• Cybermodeler.com • 2015-07-22

    Russian Aviation Colours 1909-1922 Book Review

    By David L. Veres

    Date of Review July 2015 Title Russian Aviation Colours 1909-1922
    Author Marat Khairulin, Boris Stepanov Publisher Mushroom Model Publications
    Published 2015 ISBN 9788363678487
    Format 176 pages, hardbound MSRP (USD) $75.00

     

     

    Review

     

    MMP illumines the riveting history of early Imperial Russian military aircraft markings in Russian Aviation Colours 1909-1922 – the first of four planned volumes.

    Subtitled "Camouflage and Markings, the Early Years", the sumptuous study includes all known national markings – as well as a broad range of code styles and applications. Relevant civil and naval usage also enjoys exposure.

    Hundreds of photos, color profiles, plan views and insets illustrate the evolution of every known Czarist flag, roundel and logo design. And supporting text – competently annotated and authoritatively researched from primary sources – chronologically recaps all key developments. Authors also include actual dimensions – where known.

    Comments on contemporary French, German and Austro-Hungarian markings make appropriate appearances, too. And the comparative contexts prove equally fascinating. Just look at those early IFF illustrations!

    By "mid-war", authors note, Entente ("Allied") nations chose "aviation emblems" in national colors. Central Powers, by contrast, preferred cruciform and, in Turkey's case, square designs in black and white. Photos of captured enemy aircraft pepper text.

    February 1917's revolution deposed the Czar – but not most Imperial aircraft markings. "Red flags," authors report, "peacefully coexisting with the old symbols – the national flag and coat-of-arms, although the latter lost the royal elements." Much more substantive changes lay in the future. And those MMP will doubtlessly detail in subsequent volumes.

    I, for one, cannot wait for those. If the first installment is any indication, MMP's series promises to be the definitive English-language reference on early Russian military aviation colors.

    Literally every page proved enlightening. A.V. Kazakov's color plates are superb. And many of the previously unpublished photos come from private archives. But I think that Newport IV on page 49 wears a Cyrillic letter "R" – not a "P"!

    Rabidly recommended!

    With thanks to Casemate for this review copy.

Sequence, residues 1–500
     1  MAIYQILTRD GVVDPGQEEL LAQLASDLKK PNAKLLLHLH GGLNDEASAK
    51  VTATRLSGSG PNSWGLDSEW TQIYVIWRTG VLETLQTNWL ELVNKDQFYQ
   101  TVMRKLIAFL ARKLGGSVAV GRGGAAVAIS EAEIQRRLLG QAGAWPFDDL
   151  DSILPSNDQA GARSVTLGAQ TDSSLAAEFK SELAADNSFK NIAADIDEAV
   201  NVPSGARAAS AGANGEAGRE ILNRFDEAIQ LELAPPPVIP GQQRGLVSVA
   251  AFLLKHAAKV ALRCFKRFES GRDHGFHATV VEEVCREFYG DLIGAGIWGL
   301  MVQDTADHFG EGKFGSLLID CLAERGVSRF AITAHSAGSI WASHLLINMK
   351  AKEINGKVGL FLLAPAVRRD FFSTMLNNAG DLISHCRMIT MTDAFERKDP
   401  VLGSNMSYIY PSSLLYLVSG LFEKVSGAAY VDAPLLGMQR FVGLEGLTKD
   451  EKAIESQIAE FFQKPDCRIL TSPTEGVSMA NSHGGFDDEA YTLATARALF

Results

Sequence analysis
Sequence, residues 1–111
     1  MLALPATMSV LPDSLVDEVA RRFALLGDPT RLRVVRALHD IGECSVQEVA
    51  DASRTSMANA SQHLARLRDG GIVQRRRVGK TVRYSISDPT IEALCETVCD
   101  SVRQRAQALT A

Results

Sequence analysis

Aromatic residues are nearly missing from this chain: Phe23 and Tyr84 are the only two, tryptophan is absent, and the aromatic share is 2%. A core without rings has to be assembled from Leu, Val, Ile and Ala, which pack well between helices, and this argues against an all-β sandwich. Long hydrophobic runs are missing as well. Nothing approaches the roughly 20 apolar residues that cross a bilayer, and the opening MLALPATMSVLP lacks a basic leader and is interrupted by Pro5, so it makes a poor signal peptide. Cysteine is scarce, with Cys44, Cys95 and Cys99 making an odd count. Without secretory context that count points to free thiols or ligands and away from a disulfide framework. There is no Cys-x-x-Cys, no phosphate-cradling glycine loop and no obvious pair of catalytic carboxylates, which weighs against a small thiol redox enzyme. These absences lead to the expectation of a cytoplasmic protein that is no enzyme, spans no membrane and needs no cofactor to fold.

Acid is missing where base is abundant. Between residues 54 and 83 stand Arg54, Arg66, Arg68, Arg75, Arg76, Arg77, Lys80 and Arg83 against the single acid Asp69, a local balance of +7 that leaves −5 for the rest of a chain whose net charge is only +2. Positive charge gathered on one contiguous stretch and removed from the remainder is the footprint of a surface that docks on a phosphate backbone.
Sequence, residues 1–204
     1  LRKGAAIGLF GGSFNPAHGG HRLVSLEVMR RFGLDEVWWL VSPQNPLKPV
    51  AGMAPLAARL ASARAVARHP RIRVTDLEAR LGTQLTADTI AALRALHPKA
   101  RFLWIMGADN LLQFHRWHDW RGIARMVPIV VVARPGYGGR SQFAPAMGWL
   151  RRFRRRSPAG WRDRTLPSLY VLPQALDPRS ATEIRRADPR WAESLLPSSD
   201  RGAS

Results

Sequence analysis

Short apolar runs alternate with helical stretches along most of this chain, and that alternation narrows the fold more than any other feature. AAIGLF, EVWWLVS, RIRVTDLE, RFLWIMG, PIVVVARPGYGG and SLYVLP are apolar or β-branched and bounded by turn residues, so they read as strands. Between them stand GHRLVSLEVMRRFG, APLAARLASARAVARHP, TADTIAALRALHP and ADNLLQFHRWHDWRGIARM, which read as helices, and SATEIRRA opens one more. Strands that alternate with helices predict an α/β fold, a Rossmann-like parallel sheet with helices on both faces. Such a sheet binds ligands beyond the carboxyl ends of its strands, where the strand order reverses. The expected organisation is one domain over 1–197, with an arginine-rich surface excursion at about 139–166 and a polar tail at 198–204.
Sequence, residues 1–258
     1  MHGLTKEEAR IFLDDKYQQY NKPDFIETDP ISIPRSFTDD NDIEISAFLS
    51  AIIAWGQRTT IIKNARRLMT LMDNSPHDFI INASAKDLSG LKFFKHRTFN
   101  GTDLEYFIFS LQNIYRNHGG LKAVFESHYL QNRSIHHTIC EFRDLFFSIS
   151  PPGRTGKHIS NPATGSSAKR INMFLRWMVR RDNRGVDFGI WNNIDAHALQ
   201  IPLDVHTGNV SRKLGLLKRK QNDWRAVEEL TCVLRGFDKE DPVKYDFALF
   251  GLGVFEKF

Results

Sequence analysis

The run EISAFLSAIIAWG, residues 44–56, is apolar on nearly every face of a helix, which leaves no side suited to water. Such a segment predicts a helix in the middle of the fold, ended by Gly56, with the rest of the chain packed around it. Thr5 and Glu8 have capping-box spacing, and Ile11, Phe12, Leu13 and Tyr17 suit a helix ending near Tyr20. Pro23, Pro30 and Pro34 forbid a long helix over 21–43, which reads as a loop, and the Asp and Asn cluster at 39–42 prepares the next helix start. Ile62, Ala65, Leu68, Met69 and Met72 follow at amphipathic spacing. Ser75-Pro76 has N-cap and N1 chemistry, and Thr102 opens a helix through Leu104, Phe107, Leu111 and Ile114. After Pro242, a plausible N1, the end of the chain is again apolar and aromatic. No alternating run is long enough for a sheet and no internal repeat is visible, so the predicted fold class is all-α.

• IPMS (UK) Magazine Issue 3 • 2015-07-03
    IPMS UK reviews 001
  • SAM July 2015 • 2015-06-27
    SAM July P2121
  • Model Airplane International 06/2015 • 2015-05-29
    Model Airplane International 2015 06
  • Skrzydlata Polska 04/2015 • 2015-04-28
    1980
  • SAMI 05/2015 • 2015-04-24
    1975
  • IPMS USA website • 2015-03-28

    On the heels of Finnish Fighter Colours 1939-1945, Romanian Fighter Colours 1941-1945, Hungarian Fighter Colours 1930-1945, and Swedish Fighter Colours 1925-1954, comes MMP’s latest tome. This book, focused on the ‘Early Years’ is planned to be followed by at least four additional volumes on the ‘Great War’ (Volume 2), ‘Red Stars’ (Volume 3), and ‘Against Soviets’ (Volume 4). The authors leaned heavily on Russian private archives, as well as archives, libraries, and museums.

    The book is a nice hardbound volume, with a nice glossy cover, and 176 pages on high-quality stock with a matt finish. Mainly black and white period photos are supplemented with modern day color photos, color period posters and postcards, colour side and top views, and colour unit emblems and personal markings. The text is in English and quite readable.

    The colourful introduction ‘Dream of Wings’ presents a nice summary of the history of flight in Russia up to the beginnings of the Russian Aero Clubs in 1909. The next section on the Aero Clubs provides 18 pages of photos and colour illustrations depicting foreign aircraft along with Russian designed aircraft.

    Chapter 2 ‘On the Eve of the Great War’ details the organization of the early Russian military aviation and provides precise descriptions, illustrations, and photos of each unit on 45 pages.

    Part II ‘In the Fire of the First World War’ describes the evolution of Russian national and unit markings through the experience of battle for the next 96 pages. The evolution of Russian aviation markings is well documented through military orders as well as pilot notes. In one case, the authors use the memoirs of Vyacheslav Marveyevich Tkachev, the commander of the 20th Corps’ Aviation Otryad to illustrate just how significant the problems of markings were. Many of the Russian pilots had more to fear from their own countrymen than the enemy!

    Chapters:

    Acknowledgements

    Dream of Wings

    Part 1 - In a Peaceful Sky

    1st Chapter – Under the Wing of Aero Clubs

    Emblems of Russian Aeronautics of the Initial

    Development Period (1909 – 1914)

    Emblems and Flags of Russian Aero Clubs

    Emblems of the Department of the Air Force (OVF)

    Nicknames and Names

    2nd Chapter – On the Eve of the Great War

    The First Organization of Military Aviation and Its Markings, 1911 – 1914

    Markings of Aviation Rotas and Otryads, 1913 – 1915 d

    Part II - In the Fire of the First World War

    3rd Chapter – Crosses and Roundels, the Birth of the New Emblems

    National Markings of the Russian Empire’s Fleet

    I was extremely impressed with the coverage and quality of this title. The authors were able to incorporate a tremendous amount of information and still manage to provide a compelling and readable storyline. I cannot wait until the succeeding Volumes are published! To see a video of the book’s contents, check out:

    My thanks to Mushroom Model Publications and IPMS/USA for the chance to review this great book.

    Highly recommended!